Waterfowl hunting is a sport that is burned deep into America’s history and rich traditions. Men have been hunting waterfowl for centuries; a sport that dates back over 2000 years. Native Americans were some of the first hunters to use waterfowl decoys. Using bows and arrows for weapons, they discovered that it would make more sense to build some sort of decoy to attract waterfowl into a close shooting range. Natives were able to build a decoy carved from wood and cork, and feathers were woven onto the decoys with hemp strings. They would paint the decoy’s head and neck for a more realistic resemblance of a duck or a goose.
In today’s times, and thanks to available technology, decoys are now being produced in mass quantities. It is much easier today as hunters to provide ourselves with realistic decoys than it was 2000 years ago. I recently had the privilege of sitting down with good friend and decoy builder Brent Sawyer. Brent is the mastermind behind Odyssey Outdoors, Blue Collar Decoys and is very knowledgeable in the outdoor industry. I wanted to pick his brain a little about decoy selection and ask him a few questions. Thankfully, Brent was willing to pass along some of his wisdom!
Q. How important is paint and sculpture detail when choosing the right decoy? Brent – “There are two very important details to look for when choosing the right decoy: Texture and the quality of paint. Texture decreases reflection and is vital for a realistic look. I prefer a good quality, flat paint and believe this can be the difference between finishing birds and just shooting on the pass.”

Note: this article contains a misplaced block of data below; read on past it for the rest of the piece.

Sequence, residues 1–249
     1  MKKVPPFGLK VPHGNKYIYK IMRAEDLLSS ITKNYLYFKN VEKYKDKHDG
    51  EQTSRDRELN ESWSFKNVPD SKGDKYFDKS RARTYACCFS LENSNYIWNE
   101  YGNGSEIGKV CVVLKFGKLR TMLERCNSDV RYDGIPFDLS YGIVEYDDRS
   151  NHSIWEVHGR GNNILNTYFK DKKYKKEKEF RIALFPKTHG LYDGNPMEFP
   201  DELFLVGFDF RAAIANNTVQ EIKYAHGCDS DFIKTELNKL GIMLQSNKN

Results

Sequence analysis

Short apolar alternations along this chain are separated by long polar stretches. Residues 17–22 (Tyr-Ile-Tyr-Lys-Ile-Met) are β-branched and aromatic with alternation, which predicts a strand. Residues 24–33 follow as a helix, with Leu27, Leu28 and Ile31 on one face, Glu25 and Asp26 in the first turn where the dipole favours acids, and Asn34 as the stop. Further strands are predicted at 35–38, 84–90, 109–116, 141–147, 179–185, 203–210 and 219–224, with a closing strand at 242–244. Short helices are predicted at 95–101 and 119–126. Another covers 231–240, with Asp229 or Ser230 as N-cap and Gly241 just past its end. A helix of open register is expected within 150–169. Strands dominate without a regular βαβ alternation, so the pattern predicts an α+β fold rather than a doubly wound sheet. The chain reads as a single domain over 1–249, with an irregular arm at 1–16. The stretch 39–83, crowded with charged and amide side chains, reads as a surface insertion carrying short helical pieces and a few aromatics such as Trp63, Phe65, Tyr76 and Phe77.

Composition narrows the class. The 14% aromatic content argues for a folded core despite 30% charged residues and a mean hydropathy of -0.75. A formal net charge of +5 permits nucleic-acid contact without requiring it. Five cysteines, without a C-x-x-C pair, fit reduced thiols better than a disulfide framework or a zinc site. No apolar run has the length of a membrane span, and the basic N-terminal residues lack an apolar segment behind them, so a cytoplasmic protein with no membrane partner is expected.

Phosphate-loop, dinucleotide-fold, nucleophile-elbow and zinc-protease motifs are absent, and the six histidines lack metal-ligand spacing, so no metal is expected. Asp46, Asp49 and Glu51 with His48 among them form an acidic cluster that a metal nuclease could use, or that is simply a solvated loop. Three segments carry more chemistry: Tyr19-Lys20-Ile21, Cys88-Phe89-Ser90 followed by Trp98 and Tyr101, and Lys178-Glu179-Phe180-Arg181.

Q. Do numbers matter? How do you determine how many decoys to use for each hunt? Brent – “I personally always use odd numbers. Numbers vary with the area and there are two important variables you should always consider. What do the birds look like in the field and find out what is working. Don’t be afraid to network with other successful hunters in the area and discuss strategies. This is why scouting is so important.”
Q. Do you prefer a smaller decoy body or larger such as an over sized or magnum? Brent – “When talking about size I prefer real life plus 10%. To be seen, contrast is king. Use a decoy with a good paint scheme and keep them as clean as possible. It is very important that you take care of your decoys.”
Q. How has decoys changed the Waterfowl Industry over the years? Brent – “Decoys have changed the industry, but the industry has also changed decoys. Hunters today demand a better product. With the sport of waterfowl hunting more popular than ever, there are more hunters along each flyway. Birds are becoming more educated and you have to almost be perfect to harvest on a consistent basis. Decoys need to look as realistic as possible.”
Odyssey Outdoors, home of Blue Collar Decoys is located in Hammond, Louisiana and all of their products are 100% American made! They do customized orders and strive to make a decoy for life. With each decoy they expect nothing short of realism. If you’re looking to make your decoy spread more realistic this hunting season be sure to check these guys out! www.odysseyoutdoorproducts.com.